Personal connection is crucial to our work as therapists. We know how important empathic relationships are to mental and physical health. Being fully present during our client’s healing journey is the essence of our work.
But our life relationships are much more than a means of working with clients. We need rich connections in our personal lives and with our colleagues to be good therapists. Our professional interactions help us keep well informed, well supported and well educated to do this challenging work.
Doing our best work means recognizing our own needs for support across the whole gamut of challenges in working with clients. If we have a high standard of care, we need to work through what is happening with a client — or within us – all the time.
Clinical consultation – meeting or talking with a colleague or a group about your work – can only enhance your practice as a therapist.
Common Myths about Clinical Consultation
There is no downside I can think of to bringing a case to a colleague or clinical consulting group for feedback. But too often, clinicians do not get the help they need. Either they don’t know of a safe place to turn, or something like fear holds them back.
Roadblocks and misconceptions to clinical consultations include thoughts like:
• My peers are going to judge me as inadequate
• I will feel embarrassed or ashamed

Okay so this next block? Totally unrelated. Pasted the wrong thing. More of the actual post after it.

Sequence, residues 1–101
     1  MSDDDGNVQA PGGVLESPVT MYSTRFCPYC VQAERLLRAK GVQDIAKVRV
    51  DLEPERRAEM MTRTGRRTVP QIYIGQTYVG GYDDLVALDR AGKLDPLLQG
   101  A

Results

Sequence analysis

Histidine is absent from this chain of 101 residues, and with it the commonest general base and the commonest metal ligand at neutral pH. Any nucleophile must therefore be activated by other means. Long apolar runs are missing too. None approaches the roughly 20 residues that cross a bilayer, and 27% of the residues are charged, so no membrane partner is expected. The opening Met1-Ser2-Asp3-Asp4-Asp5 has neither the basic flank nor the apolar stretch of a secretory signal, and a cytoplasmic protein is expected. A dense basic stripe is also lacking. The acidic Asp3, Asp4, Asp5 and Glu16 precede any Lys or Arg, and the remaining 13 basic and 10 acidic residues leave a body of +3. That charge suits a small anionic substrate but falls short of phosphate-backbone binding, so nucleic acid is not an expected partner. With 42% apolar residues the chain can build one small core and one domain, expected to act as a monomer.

• I will be seen as less capable than my peers rather than their equal
It is normal to feel, “I don’t need this.” We may have a protective impulse to guard ourselves against the appearance of “doing things wrong.” The downside is that this fear cuts us off from what we all need in order to do the best for our clients and our profession: each other’s experience and support.
Quality Clinical Consultation is the Secret to Successful Clinical Practice
“Consultation is always an opportunity for further growth — clinically, business-wise, or both,” writes Rebecca Wong in A Therapist’s Guide to Clinical Consultation in Private Practice. “Consultation involves a collaborative discussion rather than the straight up offering and receiving of advice.”
We all need a confidant for support in a range of forms, for many reasons:
• To benefit from each other’s experience
• To talk through challenging or difficult interactions with clients
• To work through issues triggered for the therapist (countertransference)
• To learn and use new techniques to help your clients and yourself
Even today, before working on this article, I was on the phone for consultation with one of my amazing mentors. I regularly bring to her the most intricate of my complex trauma cases to process. Sometimes all that’s needed is a small amount of support. At other times, I am offered a different way of looking at something that I hadn’t thought of before.
Just having someone remind you of your strengths when you have a challenging caseload or validate that what you are doing or thinking is on target, can give you the professional encouragement you need to bring your ‘A’ game. This is support you wouldn’t have if you didn’t make consultation part of your self-care system.
What Does Good Clinical Consultation Look Like?
Good consultation can take many forms – from phone calls between colleagues, informal meetings with colleagues who are friends, through to paid group or individual clinical consultation sessions. Because client confidentiality and safety come first, the wrong place to seek this input is on social media.